Parker and Stephen discuss the Cloudlifter mechanism in use to help enhance the sound of this podcast, what phantom power is and what it actually does.
Discussion on USB-C, EU chargers, tech, Slack GUI, government regulation, tech innovation and reverse polarity.
Dead on Arrival for high end GPUs. Why do so many consumer electronics not have reverse polarity protection?
March 18, 2016, Episode #7
- Parker has almost finalized the front panel design for the Super Simple Power Supply. Going to have a “VU” meter for how much power it is pulling.
- Parker is also still looking for a proper encoder that is vertical mounted but is also thin enough to squeeze between the PCB and the aluminum front panel.
- Next week Stephen and Parker will do a “live” discussion on how the Analog and Digital side of the SSPS will mesh.
- Stephen is working on an Ultimate Pogo Pin Showdown article for the blog. He will be testing lots of different kinds of pogo pins with a wide assortment of tests.
- Parker is working on getting an enclosure for the FX Dev board completed and Stephen has REV 2 of the PCB being made.
- MacroFab now supports ODB++ format. Most big EDA tools support this format.
- No Eagle ULP for ODB++ format?
- Article on EEWeb about “Why to like USB 3.1”. Parker thinks the article is total click-bait.
- Stephen thinks USB 3.1 is not backward compatible if you have to use an adapter.
- Any reason to still use through-hole over surface mount today? Through-hole is the way to go for connectors and human interfaces. Simply put anything that needs retention force should be through-hole.
- Parker has hacked his Sony wireless headphones to use an 18650 battery after he ripped off the mini USB connector several times. See Figure 1.
- Stephen recommends The Art of Electronics. Parker has never read it and is going to borrow Stephen’s copy.
- Parker recommends EMC for Product Designers. It is a good book for learning how to design better PCBs and devices.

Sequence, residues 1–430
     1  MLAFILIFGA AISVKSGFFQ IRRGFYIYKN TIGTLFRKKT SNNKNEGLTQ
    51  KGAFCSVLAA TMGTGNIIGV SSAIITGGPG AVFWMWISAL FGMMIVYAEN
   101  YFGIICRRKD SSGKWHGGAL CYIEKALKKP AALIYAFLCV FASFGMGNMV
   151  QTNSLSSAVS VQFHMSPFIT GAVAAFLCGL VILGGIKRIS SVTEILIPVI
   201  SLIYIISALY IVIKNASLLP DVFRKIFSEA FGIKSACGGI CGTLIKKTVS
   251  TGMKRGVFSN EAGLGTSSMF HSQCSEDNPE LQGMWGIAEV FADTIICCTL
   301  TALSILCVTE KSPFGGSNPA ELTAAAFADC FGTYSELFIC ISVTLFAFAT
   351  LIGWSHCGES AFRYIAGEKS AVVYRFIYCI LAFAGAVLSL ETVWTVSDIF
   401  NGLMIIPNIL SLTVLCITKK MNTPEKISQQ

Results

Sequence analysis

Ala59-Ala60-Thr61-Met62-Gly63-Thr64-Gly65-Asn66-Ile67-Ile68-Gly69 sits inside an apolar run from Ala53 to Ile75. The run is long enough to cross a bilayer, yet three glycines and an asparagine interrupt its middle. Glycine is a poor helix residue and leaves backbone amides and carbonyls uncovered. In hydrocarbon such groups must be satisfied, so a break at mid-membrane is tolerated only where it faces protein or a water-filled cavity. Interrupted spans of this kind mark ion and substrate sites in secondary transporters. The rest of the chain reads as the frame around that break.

About the Hosts
Parker is an Electrical Engineer with backgrounds in Embedded System Design and Digital Signal Processing. He got his start in 2005 by hacking Nintendo consoles into portable gaming units. The following year he designed and produced an Atari 2600 video mod to allow the Atari to display a crisp, RF fuzz free picture on newer TVs. Over a thousand Atari video mods where produced by Parker from 2006 to 2011 and the mod is still made by other enthusiasts in the Atari community.
In 2006, Parker enrolled at The University of Texas at Austin as a Petroleum Engineer. After realizing electronics was his passion he switched majors in 2007 to Electrical and Computer Engineering. Following his previous background in making the Atari 2600 video mod, Parker decided to take more board layout classes and circuit design classes. Other areas of study include robotics, microcontroller theory and design, FPGA development with VHDL and Verilog, and image and signal processing with DSPs. In 2010, Parker won a Ti sponsored Launchpad programming and design contest that was held by the IEEE CS chapter at the University. Parker graduated with a BS in Electrical and Computer Engineering in the Spring of 2012.
In the Summer of 2012, Parker was hired on as an Electrical Engineer at Dynamic Perception to design and prototype new electronic products. Here, Parker learned about full product development cycles and honed his board layout skills. Seeing the difficulties in managing operations and FCC/CE compliance testing, Parker thought there had to be a better way for small electronic companies to get their product out in customer's hands.
Parker also runs the blog, longhornengineer.com, where he posts his personal projects, technical guides, and appnotes about board layout design and components.
Stephen Kraig began his electronics career by building musical oriented circuits in 2003. Stephen is an avid guitar player and, in his down time, manufactures audio electronics including guitar amplifiers, pedals, and pro audio gear. Stephen graduated with a BS in Electrical Engineering from Texas A&M University.
Special thanks to whixr over at Tymkrs for the intro and outro!